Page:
7 injured in house

7 November, 1989

7 injured in house

Carbon monoxide fumes filled “unfit” home

By John P. McAlpin
Staff Writer

Rescue workers dragged five men out of a Witherspoon Street boarding home Sunday afternoon that Princeton Borough health officials had declared unlit and ordered closed last month.

Seven men were still living at 120 Witherspoon St. for at least two weeks after inspectors tagged property owner Benjamin Kahn with more than two dozen health code violations following a pair of October inspections.

All seven residents were poisoned by carbon monoxide fumes that spread through The rickety frame house Saturday night after a gas; heater was reconnected to a blocked chimney, officials said.

Investigators are being hampered in several areas by the inability of the Asian victims to speak English officials said. Borough police were alerted by an unknown caller at 12:11 p.m. Sunday, Chief Michael Carnevale said.

One of the boarding home resident: wandered to the intersection of Spring and Witherspoon streets, flagged a stranger,and asked him to call police on a public telephone, Chief Carnevale said.

“He could not speak English very well. This other party called in,” the chief said.

Officials said there was no telephone inside the house.

Borough police and members from the Princeton First Aid and Rescue Squad and companies from Lawrence and East Windsor townships were on the scene within minutes, Fire Chief Mark Freda said.

Once inside the house, police notified the gas company and began to pull the five unconscious residents out of the house. Another Resident was able to leave under his own power.

All seven residents were taken to the Medical Center at Princeton and then flown to the Hospital of the University of Pennsylvania in Philadelphia, according to hospital officials.

Investigators still do not know the names of the residents, three of whom remained in fair condition Monday night after four had been released.

Mr. Kahn leased the building to Francis Sung, the owner of the North China Restaurant on Witherspoon Street, who in turn rented space in the house to his employees, officials said.

Mr. Kahn is scheduled to appear in Municipal Court later this month for allowing people to stay in the house after he was told they had to leave, according to Princeton health officer Patrick Hanson.

The inspector wrote “as clear as day” on the report that “the dwelling should not be occupied.” until the detailed violations were corrected Mr. Hanson said.

Many of the violations included poor flooring in many rooms, no ceilings in a number of areas, exposed wires, asbestos in the basement, many-broken windows and no smoke detectors, Mr. Hanson said.

Mr. Kahn refused to comment-when asked for a response Monday afternoon.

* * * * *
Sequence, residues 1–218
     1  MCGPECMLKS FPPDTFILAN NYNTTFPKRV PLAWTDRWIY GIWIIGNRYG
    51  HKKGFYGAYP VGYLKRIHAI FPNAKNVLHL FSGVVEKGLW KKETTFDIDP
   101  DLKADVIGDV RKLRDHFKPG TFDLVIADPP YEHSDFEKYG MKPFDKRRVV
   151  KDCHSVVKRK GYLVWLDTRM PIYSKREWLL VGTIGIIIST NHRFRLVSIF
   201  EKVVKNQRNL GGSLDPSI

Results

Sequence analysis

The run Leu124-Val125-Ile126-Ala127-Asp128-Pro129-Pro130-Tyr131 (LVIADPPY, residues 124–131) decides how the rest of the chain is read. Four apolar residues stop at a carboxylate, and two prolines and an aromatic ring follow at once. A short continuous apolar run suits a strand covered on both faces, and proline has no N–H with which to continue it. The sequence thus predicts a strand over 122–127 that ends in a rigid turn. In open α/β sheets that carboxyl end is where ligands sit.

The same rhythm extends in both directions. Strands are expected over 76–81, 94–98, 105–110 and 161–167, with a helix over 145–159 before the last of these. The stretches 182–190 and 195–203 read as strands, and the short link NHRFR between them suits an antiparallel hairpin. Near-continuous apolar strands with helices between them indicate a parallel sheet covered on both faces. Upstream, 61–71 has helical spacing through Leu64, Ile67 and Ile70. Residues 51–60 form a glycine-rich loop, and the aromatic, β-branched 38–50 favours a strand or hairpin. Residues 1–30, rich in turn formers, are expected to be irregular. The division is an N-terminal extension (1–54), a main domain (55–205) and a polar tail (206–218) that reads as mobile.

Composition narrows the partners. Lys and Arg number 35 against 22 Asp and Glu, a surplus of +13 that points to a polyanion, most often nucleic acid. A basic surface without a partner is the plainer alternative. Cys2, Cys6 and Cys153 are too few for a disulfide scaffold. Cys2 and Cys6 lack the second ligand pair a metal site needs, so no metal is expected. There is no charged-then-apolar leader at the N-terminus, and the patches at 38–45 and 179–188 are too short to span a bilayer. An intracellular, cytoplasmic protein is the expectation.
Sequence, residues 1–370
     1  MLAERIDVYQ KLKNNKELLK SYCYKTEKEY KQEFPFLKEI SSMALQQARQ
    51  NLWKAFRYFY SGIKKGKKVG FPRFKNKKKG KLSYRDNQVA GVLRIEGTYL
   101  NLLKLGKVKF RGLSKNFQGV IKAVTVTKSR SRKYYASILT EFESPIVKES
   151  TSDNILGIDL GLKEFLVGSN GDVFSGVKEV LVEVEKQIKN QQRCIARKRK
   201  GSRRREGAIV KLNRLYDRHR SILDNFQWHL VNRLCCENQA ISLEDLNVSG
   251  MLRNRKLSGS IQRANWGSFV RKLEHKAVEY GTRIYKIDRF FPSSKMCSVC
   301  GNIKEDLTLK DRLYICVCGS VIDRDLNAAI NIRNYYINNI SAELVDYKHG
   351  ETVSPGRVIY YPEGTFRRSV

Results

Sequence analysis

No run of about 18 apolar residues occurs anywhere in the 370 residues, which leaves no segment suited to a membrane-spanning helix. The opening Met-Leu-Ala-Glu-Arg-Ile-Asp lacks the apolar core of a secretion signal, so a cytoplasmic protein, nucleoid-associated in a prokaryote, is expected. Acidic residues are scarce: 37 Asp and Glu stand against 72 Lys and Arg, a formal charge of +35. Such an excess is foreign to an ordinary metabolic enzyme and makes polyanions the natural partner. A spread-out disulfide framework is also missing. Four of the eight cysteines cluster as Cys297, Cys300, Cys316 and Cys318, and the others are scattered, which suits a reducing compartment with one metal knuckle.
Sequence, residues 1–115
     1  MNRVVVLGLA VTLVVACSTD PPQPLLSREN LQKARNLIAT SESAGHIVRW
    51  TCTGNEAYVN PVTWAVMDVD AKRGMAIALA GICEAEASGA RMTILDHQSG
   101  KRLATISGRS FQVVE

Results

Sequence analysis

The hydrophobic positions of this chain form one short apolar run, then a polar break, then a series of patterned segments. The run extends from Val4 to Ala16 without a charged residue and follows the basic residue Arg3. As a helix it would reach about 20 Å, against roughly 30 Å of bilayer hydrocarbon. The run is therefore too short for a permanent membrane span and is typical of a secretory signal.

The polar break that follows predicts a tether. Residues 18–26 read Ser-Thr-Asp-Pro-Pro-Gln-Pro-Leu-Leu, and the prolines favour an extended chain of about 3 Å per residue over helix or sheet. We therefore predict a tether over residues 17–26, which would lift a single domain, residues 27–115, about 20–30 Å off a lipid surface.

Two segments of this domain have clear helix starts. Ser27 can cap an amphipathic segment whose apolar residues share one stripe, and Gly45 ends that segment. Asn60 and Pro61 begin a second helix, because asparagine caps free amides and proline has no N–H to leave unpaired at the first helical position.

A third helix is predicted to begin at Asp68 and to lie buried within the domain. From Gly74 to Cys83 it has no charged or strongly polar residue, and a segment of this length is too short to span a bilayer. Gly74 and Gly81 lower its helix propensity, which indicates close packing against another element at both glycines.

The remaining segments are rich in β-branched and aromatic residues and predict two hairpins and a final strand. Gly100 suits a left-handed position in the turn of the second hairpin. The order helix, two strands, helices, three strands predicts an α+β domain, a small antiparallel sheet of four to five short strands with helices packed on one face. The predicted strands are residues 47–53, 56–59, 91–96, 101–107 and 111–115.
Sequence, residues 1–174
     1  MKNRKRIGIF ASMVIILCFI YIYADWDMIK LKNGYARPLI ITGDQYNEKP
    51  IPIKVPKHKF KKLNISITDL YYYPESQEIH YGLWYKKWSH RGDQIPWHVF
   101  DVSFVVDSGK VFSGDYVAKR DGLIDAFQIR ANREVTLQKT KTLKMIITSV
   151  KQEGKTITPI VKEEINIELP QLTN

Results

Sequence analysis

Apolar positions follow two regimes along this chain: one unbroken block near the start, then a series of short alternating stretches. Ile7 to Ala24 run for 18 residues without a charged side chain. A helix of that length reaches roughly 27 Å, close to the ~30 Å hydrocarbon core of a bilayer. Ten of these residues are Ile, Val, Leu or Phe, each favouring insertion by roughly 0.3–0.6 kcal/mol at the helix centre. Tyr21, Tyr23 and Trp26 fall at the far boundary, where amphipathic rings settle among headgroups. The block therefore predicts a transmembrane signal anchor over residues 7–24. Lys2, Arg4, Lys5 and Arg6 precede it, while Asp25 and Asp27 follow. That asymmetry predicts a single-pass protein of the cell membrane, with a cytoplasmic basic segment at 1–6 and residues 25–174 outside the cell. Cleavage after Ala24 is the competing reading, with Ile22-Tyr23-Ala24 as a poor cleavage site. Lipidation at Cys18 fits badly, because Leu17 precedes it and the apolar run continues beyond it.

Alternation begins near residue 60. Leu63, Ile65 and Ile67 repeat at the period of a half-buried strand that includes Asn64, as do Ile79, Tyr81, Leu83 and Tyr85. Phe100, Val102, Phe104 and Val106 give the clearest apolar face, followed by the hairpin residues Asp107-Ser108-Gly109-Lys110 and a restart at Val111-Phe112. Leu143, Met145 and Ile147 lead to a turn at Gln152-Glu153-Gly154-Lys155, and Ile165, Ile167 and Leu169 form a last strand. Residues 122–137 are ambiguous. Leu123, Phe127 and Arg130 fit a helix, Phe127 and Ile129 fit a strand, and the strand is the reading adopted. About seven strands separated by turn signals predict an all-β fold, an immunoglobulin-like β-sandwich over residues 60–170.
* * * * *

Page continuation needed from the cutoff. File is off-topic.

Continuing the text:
A sign posted at Mr. Sung’s restaurant said it would “be closed for a few days.”

Public Service Electric and Gas, was called Shortly before 6 p.m. Saturday and asked to service the heater at the house spokesman Neil Brown said.

The unknown caller was told crews would be at the scene within 16 hours because it was not an emergency situation. Mr.Brown said.

When gas company repairmen arrived at 9:30 a.m. Sunday, no one answered the door or responded to repeated calls by the dispatcher to a telephone number that had been Ift , the night before. Mr. Brown said.

Borough fire officials are trying to identify who originally Called the gas company and whose telephone number had been left. Mr. Freda said.

A plumber had been irs the basement of the house for a few hours around noon, working on a sewer pipe, according to Mr. Freda.

He noticed a 3-inch flame coming from in front of the heater and promptly disconnected the unit and thermostat, the fire chief said.

During the night, someone reconnected the heater. which was hooked to a blocked chimney, Mr. Brown said.

Once the heater was running. the carbon monoxide simply circulated in the house instead of flowing up and out through the-chimney, he explained.

Soot collected throughout the house, blackening areas around the electrical outlets and baseboards there the gas had seeped through, Mr. Freda said.

Investigators are still trying to determine if —, as reported at the scene the residents had told Mr. Sung of the problem with the heater fumes as early as last Wednesday, officials said.

Any charges of overcrowding in the three-bedroom house must be put on hold until investigators can interview the residents and explore their relationship, Mr. Hanson said.

“We really have no way of being able to pursue that right now.” Mr. Hanson said.

No one is allowed in the house until the heater is repaired,he said

“We asked that the house be not occupied until the heating system is completely repaired and certified by PSE&G that the system is operational,” Mr. Hanson said.

For now, boroUgh police are not pursuing any criminal investigations,’ the chief said.

“We have notified the proper agencies with the borough. We have not, in this stage, of our investigation, uncovered any criminal activity,” Chief Carnevale said.

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